Editors’ Notes It’s a cool spring night in San Jose, California, but heat levels are spiking inside the City National Civic. K-pop superstars NCT 127 have earned their first break during an aggressive show opener filled with sharp choreography and smoldering looks. Each member of the Seoul-based boy band takes a turn addressing the crowd. Mark, who has bleached blonde hair and Vancouver roots, explains the “Neo City: USA – The Origin” tour’s meaning: “‘Origin’ means, from this moment on, it’s a new beginning. This is just the start.”
NCT 127 is certainly evolving. Where past recordings employed a forceful mix of hip-hop and EDM balanced with swoonable moments, there’s an enhanced level of accessibility on their fourth mini-album WE ARE SUPERHUMAN. The inspirational lead single “Highway to Heaven” leans on feel-good synths rounded out by raps, chorus, and hook. “Superhuman” and “FOOL” recall 20/20 Experience-era Justin Timberlake, all airbrushed pop with playful electronic touches. Meanwhile, “Jet Lag” is a supple piano ballad and “Paper Plane” merges soft guitar pop with dance beats. WE ARE SUPERHUMAN looks beyond the hyperkinetic larger-than-life illusion and embraces a more sophisticated, down-to-earth style that fans can hold close.
It’s a transitional mini-album from one of K-pop’s elite groups, one they hope their fans (a.k.a. “NCTzens”) will ride with. During their visit to Apple Music's Beats 1 studio, Jaehyun told host Brooke Reese that SUPERHUMAN was the dream album they'd always wanted to make. “I think we matured as people,” added Johnny. “I think [NCTzens] are gonna feel that in the music as well.”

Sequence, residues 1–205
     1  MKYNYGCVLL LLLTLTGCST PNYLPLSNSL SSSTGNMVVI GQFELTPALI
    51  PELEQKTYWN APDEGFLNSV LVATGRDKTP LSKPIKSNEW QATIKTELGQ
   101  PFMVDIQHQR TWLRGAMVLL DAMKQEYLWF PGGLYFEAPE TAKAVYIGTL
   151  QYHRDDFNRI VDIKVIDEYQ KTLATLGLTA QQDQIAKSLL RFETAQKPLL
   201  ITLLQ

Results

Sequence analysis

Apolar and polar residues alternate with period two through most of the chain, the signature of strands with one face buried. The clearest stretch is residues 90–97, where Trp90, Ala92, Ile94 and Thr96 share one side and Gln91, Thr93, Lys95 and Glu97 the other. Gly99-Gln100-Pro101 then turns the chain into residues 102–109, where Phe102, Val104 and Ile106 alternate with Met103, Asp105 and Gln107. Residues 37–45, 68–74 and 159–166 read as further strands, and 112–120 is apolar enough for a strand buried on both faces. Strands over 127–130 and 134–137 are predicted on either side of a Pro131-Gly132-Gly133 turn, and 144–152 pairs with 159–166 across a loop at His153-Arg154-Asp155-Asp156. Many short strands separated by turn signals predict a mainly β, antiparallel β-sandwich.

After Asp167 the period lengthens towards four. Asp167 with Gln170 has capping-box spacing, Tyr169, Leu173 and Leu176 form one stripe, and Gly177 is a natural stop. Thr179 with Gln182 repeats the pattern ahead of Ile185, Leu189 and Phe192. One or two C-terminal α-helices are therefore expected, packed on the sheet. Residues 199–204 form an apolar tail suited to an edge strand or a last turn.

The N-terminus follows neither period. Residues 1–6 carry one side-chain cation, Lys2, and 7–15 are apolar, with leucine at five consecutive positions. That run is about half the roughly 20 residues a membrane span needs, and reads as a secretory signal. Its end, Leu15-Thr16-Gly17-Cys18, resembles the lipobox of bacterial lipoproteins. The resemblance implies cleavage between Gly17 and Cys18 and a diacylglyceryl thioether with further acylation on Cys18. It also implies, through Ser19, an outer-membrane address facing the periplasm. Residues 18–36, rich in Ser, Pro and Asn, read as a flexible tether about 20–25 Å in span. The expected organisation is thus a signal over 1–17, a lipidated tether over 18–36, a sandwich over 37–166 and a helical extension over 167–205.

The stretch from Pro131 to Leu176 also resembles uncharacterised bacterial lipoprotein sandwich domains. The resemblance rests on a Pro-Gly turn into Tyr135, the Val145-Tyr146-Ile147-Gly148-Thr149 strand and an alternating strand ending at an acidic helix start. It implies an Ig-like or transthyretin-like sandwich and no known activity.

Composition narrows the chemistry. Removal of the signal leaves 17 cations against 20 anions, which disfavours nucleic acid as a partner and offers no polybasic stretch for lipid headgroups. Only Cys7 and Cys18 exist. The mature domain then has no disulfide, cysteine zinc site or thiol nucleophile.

If the San Jose concert served as any indication, NCT 127 will need a bigger bandwagon. During the two-and-a-half-hour show, the nine members confirmed why NCT 127 is one of the most popular K-pop groups in the world: breathtaking showmanship, sweet harmonies, and a dose of self-effacing modesty. To the NCTzens in attendance—predominantly young and female, but ethnically diverse—the concert felt like a global K-pop group hug, as well as a turning point for the boys from Seoul.
“We're doing Korean songs as well, but everyone is singing along,” Johnny explained to Brooke Reese. “And you just notice that that barrier has been broken, and that just really talks a lot about the music.”